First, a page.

The Sociology of Artificial Intelligence (AI) is the application of machine intelligence techniques to social phenomena (Bainbridge et al, 1994). It includes methods of analysing social data that use Artificial Intelligence (AI) to further its work. With the advent of AI and consequent development, sociologists have engaged in the implementation of the same to understand social phenomena. Several researchers have adopted the issues of customary significance in Sociology, such as the combination of computational simulations through intellectual adaptive devices, the functions of organisations in influencing their managers and so on. Many scholars have also pointed out that artificial intelligence couldn’t be realised in its entirety without the help of social scientists. The first conference on Sociology and Artificial Intelligence was held in 1985 by Gilbert and Heath.
What is Artificial Intelligence?
Coppin defines artificial intelligence or AI as “the study —of systems that act in a way that to any observer would appear to be intelligent” (Coppin, 2004). It is used to solve both simple and complex issues within a shorter period. It effectively helps the computer system to improve with data and experience. The most fascinating aspect of AI is that it enables the electronic vehicle to learn from its mistakes and work on rectification of the same through the correct implication of efficient methods.
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Society and Artificial Intelligence
The computational devices serve as agents in facilitating the solution to the problems in governmental and social change. AI has also strongly impacted the political scenario of the world. It has helped in the smooth restoration of the party-political science information and dissemination of the same. Theoretical assessments like text analysis, network examination, professional schemes and discovery of supplementary information have been possible through the use of AI. Its multi-agent calculation model makes it possible to bring together mental science and social accomplishment theory. Few examples of such models are the genomic systems, blocks, neural networks, and so on.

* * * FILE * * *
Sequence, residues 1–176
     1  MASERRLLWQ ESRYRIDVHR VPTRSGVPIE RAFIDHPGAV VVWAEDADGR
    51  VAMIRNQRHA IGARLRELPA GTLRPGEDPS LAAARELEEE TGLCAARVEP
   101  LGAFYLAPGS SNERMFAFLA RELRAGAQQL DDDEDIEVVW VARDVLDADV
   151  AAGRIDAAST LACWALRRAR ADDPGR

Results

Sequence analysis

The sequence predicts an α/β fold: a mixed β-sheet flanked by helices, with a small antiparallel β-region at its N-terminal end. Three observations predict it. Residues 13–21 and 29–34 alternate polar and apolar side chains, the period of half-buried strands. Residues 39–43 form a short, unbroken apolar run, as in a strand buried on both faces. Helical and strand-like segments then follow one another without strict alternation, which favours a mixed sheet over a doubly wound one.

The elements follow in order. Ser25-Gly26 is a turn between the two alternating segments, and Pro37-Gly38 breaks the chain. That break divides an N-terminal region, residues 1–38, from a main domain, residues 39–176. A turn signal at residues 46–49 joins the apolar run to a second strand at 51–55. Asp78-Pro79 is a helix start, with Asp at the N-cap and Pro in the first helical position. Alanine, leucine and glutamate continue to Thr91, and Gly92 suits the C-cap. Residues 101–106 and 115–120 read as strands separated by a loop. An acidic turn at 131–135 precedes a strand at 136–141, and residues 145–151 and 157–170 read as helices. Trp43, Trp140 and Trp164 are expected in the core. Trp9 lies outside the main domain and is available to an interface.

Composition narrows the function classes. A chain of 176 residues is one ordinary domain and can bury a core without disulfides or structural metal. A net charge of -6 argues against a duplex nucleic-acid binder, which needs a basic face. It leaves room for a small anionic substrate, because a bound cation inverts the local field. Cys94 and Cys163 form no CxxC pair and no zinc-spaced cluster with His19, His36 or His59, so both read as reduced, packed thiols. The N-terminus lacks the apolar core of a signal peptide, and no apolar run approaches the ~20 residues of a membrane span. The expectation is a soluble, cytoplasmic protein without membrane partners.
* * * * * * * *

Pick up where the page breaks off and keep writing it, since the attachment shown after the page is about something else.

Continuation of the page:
AI focuses on both macro as well as microstructures of the society. It effectively represents each component or individual of the society and works towards strengthening and improving their position by integrating them into the larger world and thereby impacting the overall organisational structures or social institutions. Therefore, artificial intelligence “intelligently intellectualises” the society into “synthetic vehicles” (Zhang, 2018). The non-human intelligent actors are increasingly integrated into our society with smart home systems, chatbots, and autonomous vehicles, and so on.
Moreover, AI-based social media platforms help in keeping social relations intact. It has been found that most of young people prefer to stay connected over social media rather than through face-to-face conversations. Bonds formed over the internet, supposedly, continue in real-life too. Hence, it keeps the individual socially connected and treats them as social beings. Apps driven by AI are also used by the crime bureau and investigation committees to monitor the activities of the masses and help in the prevention of cybercrime and so on. Hence, it effectively contributes to social control.
Traditional artificial intelligence which focused on isolated agents majorly contributed to introducing current mental psychology (Zhang, 2018). Initially, it was considered that AI would work just like a human but without any hint of emotions. Whereas jobs like that of engineers, builders, and so on would be replaced by it (which majorly has been), psychological work and social work that are embedded in human emotions would still be retained by humans. Is it so? Medical researchers claim that AI has efficiently acted as a catalyst in the field of healthcare and with proper research, it can revolutionize the world of psychotherapy.
Well-being applications like Replika and Wysa which offer cognitive behavioural therapy (driven by AI) for various mental illnesses have become increasingly popular in the past few years. People often resort to these apps to vent out their frustrations and anxieties, share their secrets and stories and open up without the fear of being judged. In other words, such apps act as perfect listeners. AI has also helped in the diagnosis of mental health disorders and made psychotherapy accessible and less challenging to both the seekers of therapy as well as the therapists. Due to several stigmas and taboos attached to mental health, people often refrain from visiting a therapist. Hence, such apps become their only solution and escape. The first AI for mental health care was invented in the 1960s, named as Eliza, to make people feel like they were speaking to another human therapist who would further respond with open-ended questions. It had also been observed that some AI apps can also spot suicide tendencies among their users and help prevent suicide.